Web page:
Practice guidelines need to be up-to-date to be useful to clinicians.
No published methods are available for assessing whether existing practice
guidelines are still valid, nor does any empirical information exist regarding
how often such assessments need to be made.
To assess the current validity of 17 clinical practice guidelines published
by the US Agency for Healthcare Research and Quality (AHRQ) that are still
in circulation, and to use this information to estimate how quickly guidelines
Design, Setting, and Participants
We developed criteria for defining when a guideline needs updating,
mailed surveys to members of the original AHRQ guideline panels (n = 170;
response rate, 71%), and searched the literature for evidence through March
2000 (n = 6994 titles yielding 173 articles plus 159 new guidelines on the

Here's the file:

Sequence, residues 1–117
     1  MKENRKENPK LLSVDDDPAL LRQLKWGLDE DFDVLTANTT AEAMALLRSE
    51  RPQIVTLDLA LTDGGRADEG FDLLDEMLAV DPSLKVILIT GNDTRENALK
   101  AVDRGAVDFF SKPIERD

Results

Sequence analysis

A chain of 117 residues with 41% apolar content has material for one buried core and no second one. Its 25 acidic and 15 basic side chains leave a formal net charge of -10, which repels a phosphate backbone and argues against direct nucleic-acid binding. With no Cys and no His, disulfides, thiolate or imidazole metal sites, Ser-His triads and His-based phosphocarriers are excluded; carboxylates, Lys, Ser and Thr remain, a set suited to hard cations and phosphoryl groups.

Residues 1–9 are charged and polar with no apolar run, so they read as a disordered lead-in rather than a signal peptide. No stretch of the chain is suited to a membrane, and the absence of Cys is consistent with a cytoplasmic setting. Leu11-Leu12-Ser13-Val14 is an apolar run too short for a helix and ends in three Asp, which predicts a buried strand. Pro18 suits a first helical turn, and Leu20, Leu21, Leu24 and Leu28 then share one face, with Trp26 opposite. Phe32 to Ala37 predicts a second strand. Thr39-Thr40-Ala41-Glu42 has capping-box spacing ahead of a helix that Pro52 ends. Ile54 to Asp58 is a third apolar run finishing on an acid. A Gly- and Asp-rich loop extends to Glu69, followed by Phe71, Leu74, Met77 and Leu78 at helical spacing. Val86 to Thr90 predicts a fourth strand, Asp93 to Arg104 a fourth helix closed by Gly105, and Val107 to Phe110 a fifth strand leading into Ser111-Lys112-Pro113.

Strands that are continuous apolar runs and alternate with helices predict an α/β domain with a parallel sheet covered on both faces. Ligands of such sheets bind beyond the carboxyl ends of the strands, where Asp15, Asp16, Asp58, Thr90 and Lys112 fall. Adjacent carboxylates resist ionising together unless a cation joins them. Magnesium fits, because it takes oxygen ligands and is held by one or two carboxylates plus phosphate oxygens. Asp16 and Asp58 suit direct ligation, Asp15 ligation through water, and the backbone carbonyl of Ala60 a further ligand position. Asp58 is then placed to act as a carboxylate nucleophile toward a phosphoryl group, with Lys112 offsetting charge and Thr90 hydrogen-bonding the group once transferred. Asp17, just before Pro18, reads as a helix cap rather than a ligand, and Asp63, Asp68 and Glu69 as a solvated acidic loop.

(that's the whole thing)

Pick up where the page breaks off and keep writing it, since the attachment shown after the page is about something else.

Main Outcome Measures
Identification of new evidence calling for a major, minor, or no update
of the 17 guidelines; survival analysis of the rate at which guidelines became
For 7 guidelines, new evidence and expert judgment indicated that a
major update is required; 6 were found to be in need of a minor update; 3
were judged as still valid; and for 1 guideline, we could reach no conclusion.
Survival analysis indicated that about half the guidelines were outdated in
5.8 years (95% confidence interval [CI], 5.0-6.6 years). The point at which
no more than 90% of the guidelines were still valid was 3.6 years (95% CI,
More than three quarters of the AHRQ guidelines need updating. As a
general rule, guidelines should be reassessed for validity every 3 years.